People windsurf in Burrard inlet as the heavy smog and smell of wood smoke hangs over the Vancouver, British Columbia skyline in the background on September, 16, 2020. - Smoke from California and Oregon wildfires has cloaked Vancouver, known for its majestic mountain views and fresh ocean breezes, in the dirtiest air in the world this week. Days have been spent smarting under a thick haze that has irritated eyes and throats, and sent asthmatics gasping for breath. It has also complicated Covid-19 testing. On September 18, 2020, despite forecasted smoke-clearing rain storms, the city, 800 miles (1,300 km) north of the biggest California fires, topped for the second time this week the World Air Quality Index for worst air quality, after briefly ceding first place to fire-stricken Portland, Oregon. (Photo by Don MacKinnon / AFP) (Photo by DON MACKINNON/AFP via Getty Images)
People windsurf in Burrard inlet as the heavy smog and smell of wood smoke hangs over the Vancouver, British Columbia skyline in the background on September, 16, 2020. (Photo by DON MACKINNON/AFP via Getty Images)

B.C.’s September Skies: All Smoke, No Fire

Although wildfire threats were quite minimal in B.C. in 2020, with the province seeing only a third of the fires that burned in 2018, there was a record amount of imported wildfire smoke in B.C. this year.

Around Labour Day, powerful winds pulled in smoke from the U.S., which resulted in fog-like air and a burning smell for 11 days.

In mid-September, dense smoke from forest fires in Washington, Oregon and California resulted in people in Victoria, Vancouver, Kamloops, Kelowna, and the Kootenay area experiencing the worst air quality in the region’s history.

Vancouver and Victoria, in particular, registered 70 per cent to 80 per cent more smoky hours above the previous record from August 2018. This lasted for eight days, impacting about four million people. The long-term effects, particularly for people with respiratory problems, are still unknown.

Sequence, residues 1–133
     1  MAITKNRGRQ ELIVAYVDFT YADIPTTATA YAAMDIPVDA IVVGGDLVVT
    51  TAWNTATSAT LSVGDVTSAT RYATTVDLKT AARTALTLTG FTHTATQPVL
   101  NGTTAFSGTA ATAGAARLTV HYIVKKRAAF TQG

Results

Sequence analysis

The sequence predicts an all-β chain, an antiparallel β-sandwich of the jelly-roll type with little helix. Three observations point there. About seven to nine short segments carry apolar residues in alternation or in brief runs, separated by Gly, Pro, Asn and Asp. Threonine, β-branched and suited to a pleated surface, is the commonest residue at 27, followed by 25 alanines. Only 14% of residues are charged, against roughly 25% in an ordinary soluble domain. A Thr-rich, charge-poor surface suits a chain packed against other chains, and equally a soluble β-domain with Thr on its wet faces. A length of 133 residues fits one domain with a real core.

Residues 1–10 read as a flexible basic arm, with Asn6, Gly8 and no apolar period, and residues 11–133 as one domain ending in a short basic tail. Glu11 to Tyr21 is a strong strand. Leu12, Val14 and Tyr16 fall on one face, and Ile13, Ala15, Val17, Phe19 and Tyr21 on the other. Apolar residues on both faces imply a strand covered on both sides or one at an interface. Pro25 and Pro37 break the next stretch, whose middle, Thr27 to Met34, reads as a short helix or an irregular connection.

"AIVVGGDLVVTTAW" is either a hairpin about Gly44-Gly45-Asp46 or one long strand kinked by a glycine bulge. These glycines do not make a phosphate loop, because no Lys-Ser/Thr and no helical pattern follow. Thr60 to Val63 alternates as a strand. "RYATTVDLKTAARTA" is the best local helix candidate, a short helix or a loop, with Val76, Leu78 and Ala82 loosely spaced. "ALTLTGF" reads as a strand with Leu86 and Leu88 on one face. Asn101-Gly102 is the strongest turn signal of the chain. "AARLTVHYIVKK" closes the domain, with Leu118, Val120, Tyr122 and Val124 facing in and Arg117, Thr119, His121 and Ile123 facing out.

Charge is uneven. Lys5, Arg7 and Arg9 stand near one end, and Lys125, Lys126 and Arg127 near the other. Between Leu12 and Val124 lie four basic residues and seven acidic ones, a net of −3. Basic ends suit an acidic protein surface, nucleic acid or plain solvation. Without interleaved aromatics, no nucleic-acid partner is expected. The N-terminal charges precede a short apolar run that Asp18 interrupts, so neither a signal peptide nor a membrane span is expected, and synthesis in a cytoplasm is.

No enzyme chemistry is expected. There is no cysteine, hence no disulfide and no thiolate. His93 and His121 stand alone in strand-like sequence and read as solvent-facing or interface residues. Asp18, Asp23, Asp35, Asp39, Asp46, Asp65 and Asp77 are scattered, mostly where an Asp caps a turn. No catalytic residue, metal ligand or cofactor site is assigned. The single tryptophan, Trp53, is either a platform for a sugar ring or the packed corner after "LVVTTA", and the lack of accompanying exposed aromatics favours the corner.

Australia Fires

The year had a devastating start in Australia as bushfires burned from 2019 into 2020, with three billion animals killed or displaced.

“It’s hard to think of another event anywhere in the world in living memory that has killed or displaced that many animals,” a statement rom WWF-Australia CEO Dermot O’Gorman reads. “This ranks as one of the worst wildlife disasters in modern history.”

There were 33 people who died as a results of the fires, including nine firefighters.

Back in February, the Australasian Fire and Emergency Service Authorities Council (AFAC) stated that 3,094 houses were lost and more than 17 million hectares burned.

As the bushfires raged on in Australia, Canada sent several waves of fire management personnel to help fight the blaze.

Hurricane Laura

Category 4 Hurricane Laura devastated Louisiana, Texas and Arkansas at the end of August, while the COVID-19 pandemic continued to rage on in the U.S. and around the world.

Hundreds of thousands were left without power and homes were decimated, with more than 580,000 residents ordered to evacuate.

It was the strongest hurricane to hit the state of Louisiana since 1856, with winds up to 150 mph (more than 240 km/h).

On Sept. 9, the Louisiana Department of Health confirmed 27 deaths tied to the hurricane. Several of the deaths were due to trees falling, while many were actually caused by carbon monoxide poisoning from improper use of a generator.